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View of A-10 underside in flight
Source: Flickr courtesy of: U.S. Air Forces Central Public Affairs, photo by Master Sgt. William Greer

Notice at the side edges, the wing peels down and back around towards the fuselage. (The airplane is upside-down in this photo.)

Never noticed this before. Is this a wing-tip device producing more lift? If so, what kind is it? I would like to read more about it.

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    $\begingroup$ Thank you for the gorgeous photo. The detail behind the Warthog, especially the snow line, is absolutely phenomenal. $\endgroup$ – dotancohen Oct 21 '15 at 13:52
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    $\begingroup$ It is a great photo. Could you add attribution? $\endgroup$ – Jeffrey Bosboom Oct 21 '15 at 19:40
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    $\begingroup$ Looks like this might be the source: flickr.com/photos/dvids/5510306058 > An A-10 Thunderbolt II from the 23rd Fighter Group, Moody Air Force Base, Ga., peels away after being refueled from a KC-135 Stratotanker, assigned to the 340th Expeditionary Air Refueling Squadron, while flying over Afghanistan in support of Operation Enduring Freedom, Feb. 26, 2011. U.S. Air Forces Central Public Affairs Photo by Master Sgt. William Greer Date Taken:02.26.2011 Location:SOUTHWEST ASIA, AF $\endgroup$ – Bob Oct 22 '15 at 8:38
  • $\begingroup$ Reference a Civilian (737) question here: aviation.stackexchange.com/questions/21122/… Civ. aircraft look much harder at fuel economy, etc. but it seems the primary benefit is low-speed performance and better overall performance. $\endgroup$ – blaughw Oct 22 '15 at 16:26
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The wingtip devices used in A-10 Warthogs are called drooped wingtips (also called Hoerner wingtips in some cases), which essentially increase the aspect ratio of the wing by forcing the vortices further out.

Drooped wing tip

Source: zenithair.com

There are a few reasons for having this wingtip device:

  • The drooped wingtips act in a manner similar to the winglets and reduce the induced drag. As a result, the loiter capability of the aicraft, an important one for Close Air Support (CAS) aircraft, is improved. The A-X competition, that lead to the A-10 develpment, required the aircraft to have Two hour mission loiter time at max mission radius with 9,500 lbs payload

  • The drooped wingtip increases the local span loading near the wingtip, due to which the aileron response is improved, increasing the manuverability at low altitudes. The A-X competition required the aircraft to be Highly maneuverable below 1,000 ft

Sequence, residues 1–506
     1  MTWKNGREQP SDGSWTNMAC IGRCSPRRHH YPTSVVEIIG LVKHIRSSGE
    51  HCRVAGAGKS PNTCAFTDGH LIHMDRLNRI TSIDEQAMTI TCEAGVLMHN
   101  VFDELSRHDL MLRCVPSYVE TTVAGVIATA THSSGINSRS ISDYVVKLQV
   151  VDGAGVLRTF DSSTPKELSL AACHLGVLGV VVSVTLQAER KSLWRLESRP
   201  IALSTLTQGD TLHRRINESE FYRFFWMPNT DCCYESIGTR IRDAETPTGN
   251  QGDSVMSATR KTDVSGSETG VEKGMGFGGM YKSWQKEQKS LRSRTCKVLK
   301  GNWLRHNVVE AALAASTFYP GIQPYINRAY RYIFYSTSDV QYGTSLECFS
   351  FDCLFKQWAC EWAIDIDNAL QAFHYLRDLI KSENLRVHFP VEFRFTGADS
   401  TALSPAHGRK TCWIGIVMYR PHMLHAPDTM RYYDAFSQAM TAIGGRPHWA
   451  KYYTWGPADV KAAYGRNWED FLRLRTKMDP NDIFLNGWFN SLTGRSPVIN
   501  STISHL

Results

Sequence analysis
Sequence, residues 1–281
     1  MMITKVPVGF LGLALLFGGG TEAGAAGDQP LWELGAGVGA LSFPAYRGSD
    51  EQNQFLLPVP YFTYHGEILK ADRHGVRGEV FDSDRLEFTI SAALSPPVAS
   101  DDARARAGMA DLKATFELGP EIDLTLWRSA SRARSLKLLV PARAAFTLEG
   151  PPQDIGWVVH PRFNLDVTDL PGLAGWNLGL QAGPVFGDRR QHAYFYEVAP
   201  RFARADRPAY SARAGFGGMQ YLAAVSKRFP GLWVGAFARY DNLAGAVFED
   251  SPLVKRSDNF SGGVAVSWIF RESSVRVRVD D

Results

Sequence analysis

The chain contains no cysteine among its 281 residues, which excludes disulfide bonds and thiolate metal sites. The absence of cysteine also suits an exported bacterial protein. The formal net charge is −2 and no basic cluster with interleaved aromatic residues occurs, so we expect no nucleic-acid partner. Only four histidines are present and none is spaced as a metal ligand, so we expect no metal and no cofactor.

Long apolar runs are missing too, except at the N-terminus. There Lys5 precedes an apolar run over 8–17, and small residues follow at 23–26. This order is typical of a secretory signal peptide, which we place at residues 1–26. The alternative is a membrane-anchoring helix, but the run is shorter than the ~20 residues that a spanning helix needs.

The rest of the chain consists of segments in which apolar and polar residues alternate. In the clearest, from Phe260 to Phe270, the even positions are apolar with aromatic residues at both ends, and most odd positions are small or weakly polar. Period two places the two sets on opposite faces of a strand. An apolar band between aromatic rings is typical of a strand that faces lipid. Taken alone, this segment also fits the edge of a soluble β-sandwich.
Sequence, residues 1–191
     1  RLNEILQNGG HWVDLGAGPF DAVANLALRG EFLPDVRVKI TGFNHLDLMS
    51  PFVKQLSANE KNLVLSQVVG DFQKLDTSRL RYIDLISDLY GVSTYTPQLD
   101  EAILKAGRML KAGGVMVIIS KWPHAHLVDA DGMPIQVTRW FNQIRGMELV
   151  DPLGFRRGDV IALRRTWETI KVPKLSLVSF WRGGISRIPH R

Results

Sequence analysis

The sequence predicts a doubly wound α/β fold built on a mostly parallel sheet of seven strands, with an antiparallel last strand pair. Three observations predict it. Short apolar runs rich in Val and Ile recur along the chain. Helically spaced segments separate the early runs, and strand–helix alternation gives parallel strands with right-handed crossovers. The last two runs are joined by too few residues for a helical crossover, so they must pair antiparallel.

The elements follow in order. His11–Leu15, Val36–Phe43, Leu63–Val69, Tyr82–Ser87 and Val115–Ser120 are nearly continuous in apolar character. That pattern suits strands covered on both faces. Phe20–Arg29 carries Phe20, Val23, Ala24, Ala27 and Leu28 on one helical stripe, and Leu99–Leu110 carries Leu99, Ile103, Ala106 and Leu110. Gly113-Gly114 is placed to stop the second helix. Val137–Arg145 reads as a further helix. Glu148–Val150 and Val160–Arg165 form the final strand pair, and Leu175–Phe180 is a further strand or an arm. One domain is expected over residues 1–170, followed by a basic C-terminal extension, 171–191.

• The drooped wingtips also improve the takeoff performance, an advantage as the aircraft is expected to be operated from short, forward fields. Infact, drooped wingtips are found in STOL kit of some aircraft, like DC-2 Beaver. One of the requiremens of the A-X competition was that the aircraft should have 4,000 ft takeoff distance at MTOW.

As can be seen, the drooped (down) wingtips wingtips serves these purposes.


There seems to be some confusion regarding the reason for these wingtip devices. One theory (@Peter Kämpf) is that they are there to protect the ailerons from ground contact. However, I think this is unlikely, given the ailerons, when extended, go well beyond the wingtips, as shown below:

Aileron extended

Source: scienceforums.net

Dropped down wingtips do serve that purpose (sometimes) in gliders. However, there is no reason to believe that is the case here, considering the height above the ground and the aspect ratio. The drooped wingtips, on the other hand serve to hold the countermeasure system.

CMDS wingtip

Source: rcgroups.net

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    $\begingroup$ The improved take-off performance isn't really a reason to install drooped tips, other types of winglets would also improven the take-off performance. $\endgroup$ – ROIMaison Oct 21 '15 at 11:24
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    $\begingroup$ This comes at the cost of reduced reduction of vortex wake compared to an upward-swept winglet, which for the A-10 was a secondary concern as range, speed and ceiling requirements didn't require ultra-low-drag (the thing can carry over a dozen Maverick missiles; wingtip vortex drag is not the first item on the list for drag reduction) $\endgroup$ – KeithS Oct 21 '15 at 19:28
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    $\begingroup$ @FreeMan I read that as "more vortex wake than an upward-swept winglet, but less vortex wake than no winglet at all" $\endgroup$ – raptortech97 Oct 21 '15 at 22:36